One-Minute Book Reviews

June 3, 2008

Do ‘Attachment Parenting’ Gurus William and Martha Sears Make Berry Brazelton and Penelope Leach ‘Look Like Conan the Barbarian and Nurse Ratched’?

Filed under: How to,Quotes of the Day — 1minutebookreviewswordpresscom @ 12:16 am
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Since 1992 more than a half million people have bought The Baby Book, the influential infant-care manual by pediatrician William Sears and nurse Martha Sears. The Searses recommend carrying an infant in a sling — ideally, for “many hours” a day — as part of an approach to child-rearing that they call “attachment parenting” or “high-touch parenting.”

That approach comes under blistering fire in The Mommy Myth: The Idealization of Motherhood and How It Has Undermined All Women (Free Press, 2004), a witty and irreverent critique of the unrealistic and guilt-inducing demands made on contemporary mothers, by scholars Susan J. Douglas and Meredith W. Michaels of the University of Michigan and Smith College. Douglas and Michaels write of the Searses:

“When it comes to properly nurturing your child, these two make the likes of T. Berry Brazelton or Penelope Leach look like Conan the Barbarian and Nurse Ratched. The Sears philosophy is as simple as it is impossible: Reattach your baby to your body the moment she is born and keep her there pretty much until she goes to college. If you do not do this, your child will fail to bond properly to you and you to her, and the rest is a straight road to the juvenile detention center for her and the Betty Ford Clinic for you.”

Douglas and Michaels add:

“While Dr. Bill and Martha do acknowledge that working mothers are real and do refrain from saying anything explicitly condemnatory about them, the massive edifice of attachment parenting that they construct is one that no working mother can fully scale and conquer….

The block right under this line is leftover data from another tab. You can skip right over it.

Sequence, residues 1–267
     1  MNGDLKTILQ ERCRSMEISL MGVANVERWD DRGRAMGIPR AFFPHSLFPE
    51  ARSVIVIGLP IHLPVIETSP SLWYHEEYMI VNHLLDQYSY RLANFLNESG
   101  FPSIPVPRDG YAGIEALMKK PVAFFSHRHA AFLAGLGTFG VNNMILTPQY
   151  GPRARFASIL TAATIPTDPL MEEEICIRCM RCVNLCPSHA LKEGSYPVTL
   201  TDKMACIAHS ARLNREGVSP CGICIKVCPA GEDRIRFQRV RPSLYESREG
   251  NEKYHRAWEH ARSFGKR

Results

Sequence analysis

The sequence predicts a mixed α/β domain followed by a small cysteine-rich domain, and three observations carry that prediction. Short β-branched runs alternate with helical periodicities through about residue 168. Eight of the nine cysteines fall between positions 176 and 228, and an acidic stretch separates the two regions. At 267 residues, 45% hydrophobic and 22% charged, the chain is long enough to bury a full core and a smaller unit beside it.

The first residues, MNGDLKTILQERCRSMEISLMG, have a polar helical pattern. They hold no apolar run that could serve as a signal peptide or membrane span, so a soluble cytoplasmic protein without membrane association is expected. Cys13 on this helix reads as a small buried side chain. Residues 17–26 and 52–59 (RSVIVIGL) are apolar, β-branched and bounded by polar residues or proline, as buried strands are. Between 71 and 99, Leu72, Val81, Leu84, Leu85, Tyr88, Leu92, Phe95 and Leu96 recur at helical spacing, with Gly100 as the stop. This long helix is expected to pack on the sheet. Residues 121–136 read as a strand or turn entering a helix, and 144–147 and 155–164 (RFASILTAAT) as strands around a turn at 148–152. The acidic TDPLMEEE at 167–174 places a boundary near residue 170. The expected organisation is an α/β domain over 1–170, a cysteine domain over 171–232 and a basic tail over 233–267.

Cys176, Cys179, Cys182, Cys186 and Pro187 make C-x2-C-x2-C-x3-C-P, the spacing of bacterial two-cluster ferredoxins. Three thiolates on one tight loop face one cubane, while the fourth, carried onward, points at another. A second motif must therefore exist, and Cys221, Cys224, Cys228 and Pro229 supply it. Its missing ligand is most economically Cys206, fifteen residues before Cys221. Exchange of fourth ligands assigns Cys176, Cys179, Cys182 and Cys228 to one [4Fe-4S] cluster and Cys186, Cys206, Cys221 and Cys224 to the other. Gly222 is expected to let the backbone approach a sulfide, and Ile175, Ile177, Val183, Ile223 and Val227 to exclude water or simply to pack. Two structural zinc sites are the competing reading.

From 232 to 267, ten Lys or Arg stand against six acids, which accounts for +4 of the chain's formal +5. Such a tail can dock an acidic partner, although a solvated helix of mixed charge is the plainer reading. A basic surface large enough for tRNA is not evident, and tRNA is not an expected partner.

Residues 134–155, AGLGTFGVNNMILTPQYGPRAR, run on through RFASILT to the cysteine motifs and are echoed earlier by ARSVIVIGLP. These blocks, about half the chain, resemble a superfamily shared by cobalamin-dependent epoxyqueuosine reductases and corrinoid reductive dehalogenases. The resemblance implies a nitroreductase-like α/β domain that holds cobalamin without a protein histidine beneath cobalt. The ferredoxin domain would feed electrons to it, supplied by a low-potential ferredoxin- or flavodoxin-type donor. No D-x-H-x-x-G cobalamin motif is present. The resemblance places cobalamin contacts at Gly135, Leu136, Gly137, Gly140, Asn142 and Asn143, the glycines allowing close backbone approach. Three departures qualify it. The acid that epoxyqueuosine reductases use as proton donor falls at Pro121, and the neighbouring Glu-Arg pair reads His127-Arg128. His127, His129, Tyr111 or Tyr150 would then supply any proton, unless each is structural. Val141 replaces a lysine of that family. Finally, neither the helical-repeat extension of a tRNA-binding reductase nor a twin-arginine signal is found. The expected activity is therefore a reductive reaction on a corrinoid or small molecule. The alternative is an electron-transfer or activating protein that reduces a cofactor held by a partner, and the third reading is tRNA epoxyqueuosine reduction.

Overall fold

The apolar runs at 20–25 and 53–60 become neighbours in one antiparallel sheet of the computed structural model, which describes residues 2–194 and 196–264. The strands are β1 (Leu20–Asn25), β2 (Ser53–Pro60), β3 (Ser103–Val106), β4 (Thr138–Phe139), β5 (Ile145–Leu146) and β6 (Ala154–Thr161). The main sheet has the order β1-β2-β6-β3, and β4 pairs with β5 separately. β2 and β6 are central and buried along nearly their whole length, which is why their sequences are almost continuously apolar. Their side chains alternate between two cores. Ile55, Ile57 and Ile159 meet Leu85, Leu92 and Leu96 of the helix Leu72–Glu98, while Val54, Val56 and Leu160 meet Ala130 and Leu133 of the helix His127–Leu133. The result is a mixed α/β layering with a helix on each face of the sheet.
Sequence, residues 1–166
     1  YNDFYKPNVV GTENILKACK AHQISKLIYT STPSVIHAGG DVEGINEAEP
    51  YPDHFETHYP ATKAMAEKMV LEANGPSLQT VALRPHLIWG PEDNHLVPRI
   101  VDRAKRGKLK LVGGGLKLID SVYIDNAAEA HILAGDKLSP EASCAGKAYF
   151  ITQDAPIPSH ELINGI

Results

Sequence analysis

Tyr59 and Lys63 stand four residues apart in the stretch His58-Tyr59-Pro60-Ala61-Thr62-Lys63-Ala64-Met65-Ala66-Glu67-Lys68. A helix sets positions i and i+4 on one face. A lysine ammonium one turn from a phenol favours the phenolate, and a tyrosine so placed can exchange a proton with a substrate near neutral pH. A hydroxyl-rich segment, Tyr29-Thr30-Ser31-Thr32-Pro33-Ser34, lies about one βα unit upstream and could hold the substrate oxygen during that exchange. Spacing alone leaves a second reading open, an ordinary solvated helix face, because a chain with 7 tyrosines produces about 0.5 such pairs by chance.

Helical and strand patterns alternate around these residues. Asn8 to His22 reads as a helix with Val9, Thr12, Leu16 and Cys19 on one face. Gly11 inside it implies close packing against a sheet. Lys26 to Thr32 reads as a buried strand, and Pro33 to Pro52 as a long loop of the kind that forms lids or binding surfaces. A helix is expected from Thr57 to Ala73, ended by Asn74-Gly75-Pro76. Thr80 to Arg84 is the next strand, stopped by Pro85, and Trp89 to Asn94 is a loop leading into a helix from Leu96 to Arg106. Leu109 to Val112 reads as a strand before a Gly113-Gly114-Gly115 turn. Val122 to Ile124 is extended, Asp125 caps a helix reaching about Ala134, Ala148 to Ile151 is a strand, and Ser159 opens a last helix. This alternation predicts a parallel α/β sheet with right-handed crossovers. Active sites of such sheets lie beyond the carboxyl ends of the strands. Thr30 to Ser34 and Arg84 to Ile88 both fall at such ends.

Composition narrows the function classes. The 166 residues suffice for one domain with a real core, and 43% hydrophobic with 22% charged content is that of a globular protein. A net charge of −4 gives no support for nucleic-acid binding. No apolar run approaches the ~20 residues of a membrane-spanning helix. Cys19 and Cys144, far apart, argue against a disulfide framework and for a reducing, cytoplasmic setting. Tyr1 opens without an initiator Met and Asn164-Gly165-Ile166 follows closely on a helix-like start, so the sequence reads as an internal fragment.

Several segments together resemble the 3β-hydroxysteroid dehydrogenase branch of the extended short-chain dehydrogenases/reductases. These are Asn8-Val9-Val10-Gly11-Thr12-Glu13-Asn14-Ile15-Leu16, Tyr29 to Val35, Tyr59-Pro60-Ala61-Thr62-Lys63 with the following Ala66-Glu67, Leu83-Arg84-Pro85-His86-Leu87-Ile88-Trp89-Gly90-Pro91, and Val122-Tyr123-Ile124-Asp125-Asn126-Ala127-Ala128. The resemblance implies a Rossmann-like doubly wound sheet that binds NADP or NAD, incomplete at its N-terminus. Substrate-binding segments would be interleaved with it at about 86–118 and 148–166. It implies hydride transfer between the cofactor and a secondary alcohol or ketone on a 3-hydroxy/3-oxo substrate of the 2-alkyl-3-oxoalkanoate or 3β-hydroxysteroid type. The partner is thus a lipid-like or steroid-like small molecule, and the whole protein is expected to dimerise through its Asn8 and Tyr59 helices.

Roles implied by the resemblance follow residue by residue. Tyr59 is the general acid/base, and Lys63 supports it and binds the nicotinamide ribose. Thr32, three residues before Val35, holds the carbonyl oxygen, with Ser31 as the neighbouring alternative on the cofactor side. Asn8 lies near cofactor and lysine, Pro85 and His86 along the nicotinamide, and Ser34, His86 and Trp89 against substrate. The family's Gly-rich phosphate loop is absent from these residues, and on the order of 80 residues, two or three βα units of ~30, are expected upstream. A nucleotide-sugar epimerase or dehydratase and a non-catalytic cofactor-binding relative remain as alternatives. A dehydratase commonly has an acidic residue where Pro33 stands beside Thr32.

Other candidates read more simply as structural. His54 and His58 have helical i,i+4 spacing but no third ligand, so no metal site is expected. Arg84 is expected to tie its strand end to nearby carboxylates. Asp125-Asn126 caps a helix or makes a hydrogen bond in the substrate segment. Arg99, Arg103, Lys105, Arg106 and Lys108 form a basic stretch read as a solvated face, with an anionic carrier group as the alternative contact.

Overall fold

“Especially if you are accustomed to high achievement and to cutthroat competition, attachment parenting opens the door to standards of excellence that would put any law partner wannabe to shame.”

Read an interview with the authors of The Mommy Myth on Salon at Read an excerpt from their book at

© 2008 Janice Harayda. All rights reserved.


  1. I’m not a psychologist, but I can pretend to be one in blog comments: That attachment routine looks like a sure way to make sure one’s child bonds to absolutely no one else, a quasi-stimulus deprivation approach.

    Great nurse Ratched quote.


    Comment by knightofswords — June 3, 2008 @ 12:44 pm | Reply

  2. Thanks, Malcolm. The Searses do encourage fathers, not just mothers, to “wear” their babies in a sling (which sort of makes the babies sound like a decorative accessory).

    But given their recommendation that you do this for “many hours” a day, I’m not sure how most working fathers or mothers could ever meet their standards. I also didn’t see in their book any evidence of long-term studies showing that compared, for example, babies “worn” for many hours a day with babies not “worn.” So the question behind your observation seems right on point: Without long-term studies, how do we know that the result won’t be just what you suggest (a baby bonded to no one but the “babywearer,” to use their word)?

    Comment by 1minutebookreviewswordpresscom — June 3, 2008 @ 3:48 pm | Reply

  3. This reminds me of a news item I saw yesterday of a woman who breastfeeds her kindergarten-age children.

    Comment by Amelia — June 3, 2008 @ 4:18 pm | Reply

  4. Amelia: Funny you mentioned that. One of the claims the authors make for “babywearing” is that it makes breastfeeding easier … Jan

    Comment by 1minutebookreviewswordpresscom — June 3, 2008 @ 5:42 pm | Reply

  5. Proponents of attachment parenting also advocate “the family bed” where the baby sleeps in the same bed with the parents, or one adjacent to them, until he/she is 4 or 5.

    Comment by lisamm — June 3, 2008 @ 9:16 pm | Reply

  6. Let me just go on record by saying that I think that is ridiculous 🙂

    Comment by lisamm — June 3, 2008 @ 9:16 pm | Reply

  7. Thanks for mentioning the “co-sleeping,” Lisa. That caught my attention, too. The Searses almost seemed to be saying: Get used to not having sex in your bed (and having it only in other rooms) for years. And you would think that would cause its own complications, especially if you had other children around, wouldn’t you?

    Comment by 1minutebookreviewswordpresscom — June 3, 2008 @ 11:48 pm | Reply

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